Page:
The research below was done by members of the Sri Aurobindo Ashram Archives and Research Library. At present the material consists of two items: 
Most of the documents presented were first published between 1977 and 1994 in the biannual journal of the Ashram Archives, Sri Aurobindo: Archives and Research. 
This provisional glossary contains Sanskrit and other terms used by Sri Aurobindo in the Record of Yoga, the diary of his spiritual practice between 1909 and 1927. 
To download the current PDF version, click here

April 01, 2016

Haeckel, Golwalkar, and Ganeri

Andrew Nicholson at The Indian Philosophy Blog - 3 hours ago
Jonardon Ganeri of NYU gave a lecture at Stony Brook University on March 2, 2016 entitled “Why Philosophy Must Go Global.” In this lecture Prof. Ganeri draws from Jain nayavāda and Madhyamaka Buddhism to argue for “a pluralism of epistemic stances” (not to be confused with epistemic relativism). He maintains that philosophy graduate programs must do a better job of presenting multiple approaches, including the teachings of non-western philosophical traditions.
This might be seen as a kind of mission statement for Stony Brook’s new MA program, “History of Philosophies, East and West.” It is a joint MA program sponsored by our Department of Philosophy and Department of Asian & Asian American Studies.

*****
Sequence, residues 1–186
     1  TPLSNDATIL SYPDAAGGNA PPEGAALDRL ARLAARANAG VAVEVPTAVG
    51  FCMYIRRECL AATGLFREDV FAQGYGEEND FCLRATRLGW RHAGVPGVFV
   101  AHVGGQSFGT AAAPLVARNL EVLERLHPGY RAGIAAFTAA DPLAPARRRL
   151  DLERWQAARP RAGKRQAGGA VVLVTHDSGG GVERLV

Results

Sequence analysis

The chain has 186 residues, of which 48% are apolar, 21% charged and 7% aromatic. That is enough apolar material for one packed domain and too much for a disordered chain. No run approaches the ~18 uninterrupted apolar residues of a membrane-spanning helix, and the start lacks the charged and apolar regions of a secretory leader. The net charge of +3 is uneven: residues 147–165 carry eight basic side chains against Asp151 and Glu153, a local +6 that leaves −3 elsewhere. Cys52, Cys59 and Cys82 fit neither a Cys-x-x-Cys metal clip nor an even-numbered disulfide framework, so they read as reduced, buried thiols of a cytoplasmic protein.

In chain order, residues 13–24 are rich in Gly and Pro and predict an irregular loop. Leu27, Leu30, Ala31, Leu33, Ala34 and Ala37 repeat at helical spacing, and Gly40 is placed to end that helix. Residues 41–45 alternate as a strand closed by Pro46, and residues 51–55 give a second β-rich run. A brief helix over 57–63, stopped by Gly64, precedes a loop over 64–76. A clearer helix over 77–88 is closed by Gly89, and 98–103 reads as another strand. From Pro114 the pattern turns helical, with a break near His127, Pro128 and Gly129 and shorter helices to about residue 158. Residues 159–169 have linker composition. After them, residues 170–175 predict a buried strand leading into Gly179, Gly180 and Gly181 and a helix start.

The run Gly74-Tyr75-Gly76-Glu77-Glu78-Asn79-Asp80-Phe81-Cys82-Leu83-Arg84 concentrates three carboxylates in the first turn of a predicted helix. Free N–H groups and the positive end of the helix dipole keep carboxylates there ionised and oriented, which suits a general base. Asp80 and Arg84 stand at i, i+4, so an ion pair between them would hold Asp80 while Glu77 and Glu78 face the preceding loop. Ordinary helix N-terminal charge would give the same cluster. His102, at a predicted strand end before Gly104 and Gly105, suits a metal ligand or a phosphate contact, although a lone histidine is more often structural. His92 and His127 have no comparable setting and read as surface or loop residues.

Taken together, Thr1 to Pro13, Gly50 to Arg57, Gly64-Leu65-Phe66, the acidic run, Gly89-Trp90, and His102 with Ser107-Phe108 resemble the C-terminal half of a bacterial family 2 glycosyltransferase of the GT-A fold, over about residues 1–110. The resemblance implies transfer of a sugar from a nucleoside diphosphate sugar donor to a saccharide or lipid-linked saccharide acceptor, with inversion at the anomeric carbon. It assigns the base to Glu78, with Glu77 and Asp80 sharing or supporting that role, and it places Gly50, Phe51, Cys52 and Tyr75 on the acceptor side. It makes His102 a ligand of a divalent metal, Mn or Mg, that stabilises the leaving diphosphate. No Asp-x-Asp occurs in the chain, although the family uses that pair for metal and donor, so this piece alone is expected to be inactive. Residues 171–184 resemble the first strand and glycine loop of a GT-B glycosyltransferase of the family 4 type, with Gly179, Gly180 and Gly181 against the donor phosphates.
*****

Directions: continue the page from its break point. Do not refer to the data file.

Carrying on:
Story image for Sri Aurobindo from The Hindu

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Open-source religions employ open-source methods for the sharing, construction, and adaptation of religious belief systems, content, and practice.[1] In comparison to religions utilizing proprietary, authoritarian, hierarchical, and change-resistant structures, open-source religions emphasize sharing in a culturalCommons, participation, self-determination, decentralization, and evolution. They apply principles used in organizing communities developing open-source software for organizing group efforts innovating with human culture. New open-source religions may develop their rituals, praxes, or systems of beliefs through a continuous process of refinement and dialogue among participating practitioners. Organizers and participants often see themselves as part of a more generalized open-source and free-culture movement.[2]

Further reading[edit]

Magazine / Columns : The guru of hate - The Hindu